I have not covered a lot of search engine marketing in our blogs and that’s mostly because we have, as a business, has always focused on the long-term effects of organic search rankings for businesses. When working with small businesses, SEM is hard to push forward due to the many limits that it gives the client. There’s only some websites that can pull it off, and it’s dependent on these 3 important factors.
Differentiating SEO vs SEM
If you are a beginner in the world of digital marketing, both search engine optimisation (SEO) and search engine marketing (SEM) are derivatives of the same concept, smoothing down on two entirely different faces of the same coin.
Understanding Search Engine Optimisation
SEO is a set of techniques that utilise the best possible combination of ranking elements and metrics on your website to generate organic search results and visibility. In simple words, you’re manipulating details in your website, from keywords to meta descriptions, so that you can rank higher on search engine results pages or SERPs.
This strategy is zero cost if you understand how it works and understands what are the relevant algorithms, albeit for a far slower showing of results. Your goal here is to make sure that all elements are just right so the search engine finds you relevant enough to show in the higher pages of their site.
Whilst this takes a lot of time, skill, intensive attention and technical knowledge, it creates a website that is both search-engine friendly and human-friendly, which can help in exponential ROI, a high ceiling on the returns and strong volume.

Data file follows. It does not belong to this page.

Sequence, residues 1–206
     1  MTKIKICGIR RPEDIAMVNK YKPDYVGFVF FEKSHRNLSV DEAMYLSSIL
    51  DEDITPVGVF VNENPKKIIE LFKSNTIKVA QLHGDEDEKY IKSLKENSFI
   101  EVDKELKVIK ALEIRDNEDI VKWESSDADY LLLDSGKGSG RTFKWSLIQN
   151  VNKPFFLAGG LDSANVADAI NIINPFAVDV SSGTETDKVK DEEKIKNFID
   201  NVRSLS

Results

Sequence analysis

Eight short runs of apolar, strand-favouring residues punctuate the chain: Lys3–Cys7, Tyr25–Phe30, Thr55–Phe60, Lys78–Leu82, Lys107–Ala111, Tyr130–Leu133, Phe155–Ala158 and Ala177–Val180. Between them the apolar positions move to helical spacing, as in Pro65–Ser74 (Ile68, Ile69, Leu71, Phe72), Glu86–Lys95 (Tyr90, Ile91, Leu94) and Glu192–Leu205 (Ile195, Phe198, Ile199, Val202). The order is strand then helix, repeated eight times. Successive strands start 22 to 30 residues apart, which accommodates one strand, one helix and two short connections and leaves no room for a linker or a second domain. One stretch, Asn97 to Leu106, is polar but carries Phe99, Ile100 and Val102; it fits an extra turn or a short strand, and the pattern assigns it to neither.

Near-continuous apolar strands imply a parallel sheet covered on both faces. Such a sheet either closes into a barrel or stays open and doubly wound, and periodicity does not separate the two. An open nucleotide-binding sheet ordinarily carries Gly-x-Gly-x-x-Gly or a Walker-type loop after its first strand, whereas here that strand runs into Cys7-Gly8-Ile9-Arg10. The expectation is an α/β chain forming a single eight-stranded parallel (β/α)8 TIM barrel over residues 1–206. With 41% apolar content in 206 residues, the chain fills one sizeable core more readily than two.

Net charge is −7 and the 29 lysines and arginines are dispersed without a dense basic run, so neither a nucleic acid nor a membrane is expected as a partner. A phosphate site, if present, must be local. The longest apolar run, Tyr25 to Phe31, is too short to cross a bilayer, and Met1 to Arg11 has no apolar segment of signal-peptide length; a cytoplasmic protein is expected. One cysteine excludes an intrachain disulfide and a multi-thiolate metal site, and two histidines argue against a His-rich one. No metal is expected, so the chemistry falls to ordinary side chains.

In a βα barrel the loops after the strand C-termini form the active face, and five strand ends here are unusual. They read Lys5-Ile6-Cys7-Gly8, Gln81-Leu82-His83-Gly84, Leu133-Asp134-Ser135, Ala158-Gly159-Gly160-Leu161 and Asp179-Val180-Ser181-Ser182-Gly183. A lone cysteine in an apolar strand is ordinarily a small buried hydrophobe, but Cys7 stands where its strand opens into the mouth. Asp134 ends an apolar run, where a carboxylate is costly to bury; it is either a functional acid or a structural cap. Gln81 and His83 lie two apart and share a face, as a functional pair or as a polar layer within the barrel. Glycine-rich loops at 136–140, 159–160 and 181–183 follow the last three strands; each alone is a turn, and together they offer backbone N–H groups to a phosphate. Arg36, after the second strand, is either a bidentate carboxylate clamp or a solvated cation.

Imagine being given an empty museum and hiring a good interior designer to take care of the layout and maximise its appeal to your audience, who then gets your name around so more people come, until people talk about your museum some more and bring in more people to take a look. Hold on to that thought for now.
Maximising Search Engine Marketing
SEM, on the other hand, is what it is: paying for clicks. It’s the traditional style of advertisement that gets links to your business pushed up in the topmost portions of SERPs and in different sites that allow ads. Remember those pesky ads that you use that adblock for? Those are what people pay for in the form of Pay Per Click or PPC.
Every click is paid for a specific amount, tracked for performance, measured for value and ROI to the businesses that try it. Since Pay Per Click is controlled by the very websites that show the search results, this method is fast, efficient, improves your website’s visibility and, most important, is not affected by any type of algorithm.
It sounds elegant, right? You pay money, you get ads and be visible to everyone on the internet. Going back to the empty museum analogy, this is basically paying for ads so people see who you are and, if they are interested, go to your museum.
This is, however, not the answer to a lot of business’ problems and there are only limited uses to PPC for many small businesses. Here’s why.
PPC Can Eat Your Budget